First, we specified the simplest /industries endpoint. We only needed to define the response body in case of success (code 200). We used an individual industry model and defined all properties expected in the response:

We used this model definition to specify the response format as an array of objects matching the Industry model:

Because we used the connexion Python library to implement the API, we also specified the operation ID. The value provided determines the Python function implementing the endpoint.|
We repeated the same process when specifying the /companies/{industryID} and /last-price/{industryID}/{year} endpoints. We also needed to specify path parameters that let a user choose the industry and year of interest.

As it’s possible a user might enter an industry ID or a year for which we have no data, we specified the 200 SUCCESS response, and the 404 NOT FOUND response. Fortunately, it’s easy to add responses for different status codes.

Finally, we defined the /weights POST endpoint. Since the user is now sending data to the server, we had to specify the request body. The request needs to contain the ID of the industry whose weights we want to modify and the weights themselves. We again created a model and  told Stoplight that we wanted to use this model as a request schema.

Finishing touches

After specifying our last endpoint, we needed some sort of access protection. Because you can  choose between various types of security schemes and apply them either globally or only to selected endpoints, we used a simple solution; ask the user to provide an API key as a request header. For more serious applications, you can use OAuth2 or OIDC.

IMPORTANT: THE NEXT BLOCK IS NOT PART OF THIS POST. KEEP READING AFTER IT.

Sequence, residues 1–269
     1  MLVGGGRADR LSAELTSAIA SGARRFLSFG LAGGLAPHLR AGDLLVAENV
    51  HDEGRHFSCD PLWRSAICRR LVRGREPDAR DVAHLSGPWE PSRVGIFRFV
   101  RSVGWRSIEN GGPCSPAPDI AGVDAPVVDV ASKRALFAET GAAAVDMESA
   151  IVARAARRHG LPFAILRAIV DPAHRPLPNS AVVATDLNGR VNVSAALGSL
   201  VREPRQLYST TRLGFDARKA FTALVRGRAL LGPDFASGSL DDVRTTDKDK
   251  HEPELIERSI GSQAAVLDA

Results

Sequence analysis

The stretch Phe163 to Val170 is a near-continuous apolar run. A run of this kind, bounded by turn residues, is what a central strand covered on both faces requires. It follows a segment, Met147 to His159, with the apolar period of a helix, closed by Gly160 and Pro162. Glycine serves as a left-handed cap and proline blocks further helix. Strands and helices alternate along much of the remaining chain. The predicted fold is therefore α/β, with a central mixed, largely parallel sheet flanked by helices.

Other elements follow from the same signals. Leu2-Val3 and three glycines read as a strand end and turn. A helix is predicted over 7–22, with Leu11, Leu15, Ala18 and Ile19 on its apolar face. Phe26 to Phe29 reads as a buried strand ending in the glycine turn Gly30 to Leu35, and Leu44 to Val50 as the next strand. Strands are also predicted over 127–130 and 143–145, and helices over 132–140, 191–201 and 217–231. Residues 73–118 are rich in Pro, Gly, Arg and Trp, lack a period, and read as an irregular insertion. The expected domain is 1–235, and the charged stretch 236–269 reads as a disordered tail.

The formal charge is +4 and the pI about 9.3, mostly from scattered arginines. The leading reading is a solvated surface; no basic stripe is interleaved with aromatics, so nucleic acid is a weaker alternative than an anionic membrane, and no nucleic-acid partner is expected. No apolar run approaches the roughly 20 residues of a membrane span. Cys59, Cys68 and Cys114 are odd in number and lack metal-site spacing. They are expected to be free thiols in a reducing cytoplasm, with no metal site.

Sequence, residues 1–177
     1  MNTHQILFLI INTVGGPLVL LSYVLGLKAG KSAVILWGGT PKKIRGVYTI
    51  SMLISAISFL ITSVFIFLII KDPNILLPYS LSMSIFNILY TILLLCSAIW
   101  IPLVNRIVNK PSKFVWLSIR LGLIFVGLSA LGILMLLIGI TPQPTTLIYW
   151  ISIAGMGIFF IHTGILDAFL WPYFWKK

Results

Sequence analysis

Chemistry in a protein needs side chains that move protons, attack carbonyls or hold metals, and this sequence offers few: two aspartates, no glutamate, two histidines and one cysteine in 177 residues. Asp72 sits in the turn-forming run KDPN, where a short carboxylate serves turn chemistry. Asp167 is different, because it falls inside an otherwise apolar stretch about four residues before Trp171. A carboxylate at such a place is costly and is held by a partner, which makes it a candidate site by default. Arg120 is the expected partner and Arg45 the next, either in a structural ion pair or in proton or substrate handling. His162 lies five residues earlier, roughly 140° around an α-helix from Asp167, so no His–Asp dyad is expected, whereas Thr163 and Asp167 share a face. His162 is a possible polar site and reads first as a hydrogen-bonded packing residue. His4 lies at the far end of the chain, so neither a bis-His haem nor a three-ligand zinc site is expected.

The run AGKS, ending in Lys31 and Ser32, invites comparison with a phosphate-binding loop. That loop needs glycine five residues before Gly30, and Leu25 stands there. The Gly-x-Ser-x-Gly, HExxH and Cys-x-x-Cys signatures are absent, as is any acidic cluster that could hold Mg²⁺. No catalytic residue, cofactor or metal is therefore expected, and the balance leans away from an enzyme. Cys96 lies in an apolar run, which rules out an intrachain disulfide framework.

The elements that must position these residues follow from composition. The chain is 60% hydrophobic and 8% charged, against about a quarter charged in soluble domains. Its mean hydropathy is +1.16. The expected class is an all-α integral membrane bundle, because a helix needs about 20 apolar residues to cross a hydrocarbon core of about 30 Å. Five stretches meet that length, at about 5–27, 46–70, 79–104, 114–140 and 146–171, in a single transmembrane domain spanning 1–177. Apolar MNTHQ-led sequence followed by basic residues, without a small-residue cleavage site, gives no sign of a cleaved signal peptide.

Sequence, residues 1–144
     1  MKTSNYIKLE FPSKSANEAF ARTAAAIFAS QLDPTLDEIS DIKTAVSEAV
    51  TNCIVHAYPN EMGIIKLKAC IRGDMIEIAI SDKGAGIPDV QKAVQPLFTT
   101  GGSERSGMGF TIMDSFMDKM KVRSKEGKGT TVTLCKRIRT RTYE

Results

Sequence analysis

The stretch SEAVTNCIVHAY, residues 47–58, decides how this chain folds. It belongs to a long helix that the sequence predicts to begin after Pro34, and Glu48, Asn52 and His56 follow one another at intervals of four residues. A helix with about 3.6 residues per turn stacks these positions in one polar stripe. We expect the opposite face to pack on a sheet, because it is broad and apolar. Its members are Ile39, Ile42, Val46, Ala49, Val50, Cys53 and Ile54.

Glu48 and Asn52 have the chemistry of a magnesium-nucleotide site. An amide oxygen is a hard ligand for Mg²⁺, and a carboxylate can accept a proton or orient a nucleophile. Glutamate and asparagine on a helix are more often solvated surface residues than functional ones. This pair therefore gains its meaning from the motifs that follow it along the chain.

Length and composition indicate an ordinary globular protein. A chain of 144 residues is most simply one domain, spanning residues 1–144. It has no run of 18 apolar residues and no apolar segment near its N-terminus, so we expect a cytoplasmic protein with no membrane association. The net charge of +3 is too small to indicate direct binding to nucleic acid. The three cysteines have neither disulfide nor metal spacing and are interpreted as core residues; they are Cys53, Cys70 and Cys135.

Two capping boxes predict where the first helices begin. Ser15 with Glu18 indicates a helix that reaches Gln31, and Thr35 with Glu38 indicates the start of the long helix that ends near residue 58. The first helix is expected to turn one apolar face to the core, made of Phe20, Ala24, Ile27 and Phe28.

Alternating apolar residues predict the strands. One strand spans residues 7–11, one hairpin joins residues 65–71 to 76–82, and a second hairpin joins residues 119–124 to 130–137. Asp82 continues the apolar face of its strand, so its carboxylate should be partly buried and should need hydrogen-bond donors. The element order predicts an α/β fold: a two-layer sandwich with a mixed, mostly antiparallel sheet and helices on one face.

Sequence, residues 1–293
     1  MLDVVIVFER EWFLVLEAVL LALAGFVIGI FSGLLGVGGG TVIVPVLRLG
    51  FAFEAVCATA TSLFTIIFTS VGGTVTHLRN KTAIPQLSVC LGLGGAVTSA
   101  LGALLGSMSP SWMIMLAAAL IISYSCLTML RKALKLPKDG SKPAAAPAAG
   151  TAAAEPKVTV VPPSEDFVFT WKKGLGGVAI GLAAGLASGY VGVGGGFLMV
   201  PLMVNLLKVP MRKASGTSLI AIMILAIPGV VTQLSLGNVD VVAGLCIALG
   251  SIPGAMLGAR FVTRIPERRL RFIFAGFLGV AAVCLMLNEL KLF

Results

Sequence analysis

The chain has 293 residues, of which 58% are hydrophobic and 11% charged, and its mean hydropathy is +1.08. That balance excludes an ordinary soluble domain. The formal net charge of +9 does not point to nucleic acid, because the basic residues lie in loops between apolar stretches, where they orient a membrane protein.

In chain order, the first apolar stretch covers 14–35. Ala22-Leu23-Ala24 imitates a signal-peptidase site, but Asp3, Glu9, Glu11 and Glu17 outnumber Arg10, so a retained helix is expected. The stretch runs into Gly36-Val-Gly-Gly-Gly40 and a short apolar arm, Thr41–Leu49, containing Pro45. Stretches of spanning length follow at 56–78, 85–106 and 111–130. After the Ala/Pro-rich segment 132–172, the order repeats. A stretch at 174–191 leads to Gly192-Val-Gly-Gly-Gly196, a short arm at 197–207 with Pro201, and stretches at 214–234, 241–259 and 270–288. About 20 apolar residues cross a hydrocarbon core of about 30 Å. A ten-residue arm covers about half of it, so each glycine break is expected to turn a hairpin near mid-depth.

The last step was to create a Markdown document describing an example workflow, something that couldn’t be generated directly from the API specification. Stoplight includes an integrated Markdown editor with a lot of extensions to the standard syntax. We included a Try It element, which lets the user make an API request directly from the documentation page.

 

After each change to the API specification, we committed and pushed our modifications to the GitLab repository. The API developer could then pull the code on their machine and work on the implementation.

Once the API was specified, Stoplight automatically generated API documentation that included both automatically generated endpoint descriptions and the workflow example we wrote. We easily changed access rights, and made the documentation public so we could share it with the world.

Conclusion

Stoplight is definitely an upgrade from the lengthy task of writing an OpenAPI specification by directly editing the YAML file. The UI was easy to work with, and significantly shortened the process of API specification, as we didn’t have to constantly browse the OpenAPI docs.

We also greatly appreciate the GitLab integration. While we were designing the API, we were also implementing some of the endpoints. Because everything is stored in the same repository, the synchronization between the specification, implementation, and documentation was seamless.

Some things to consider about Spotlight: they don’t offer a paid plan for very small teams or individuals. The cheapest plan is $79 a month and includes access for five users. As we already mentioned, the Stoplight Studio desktop app might be a better choice for these use cases. Our team would have also appreciated the ability to switch between different OpenAPI versions, as well as an option to connect a project to a GIT repository after its creation.

Even with these issues, Stoplight delivers on its promises. We think it truly can speed up API development. Features like documentation sharing can help other teams and organizations integrate your API into their components or services, and further enhance value creation down the road.

Milos Svana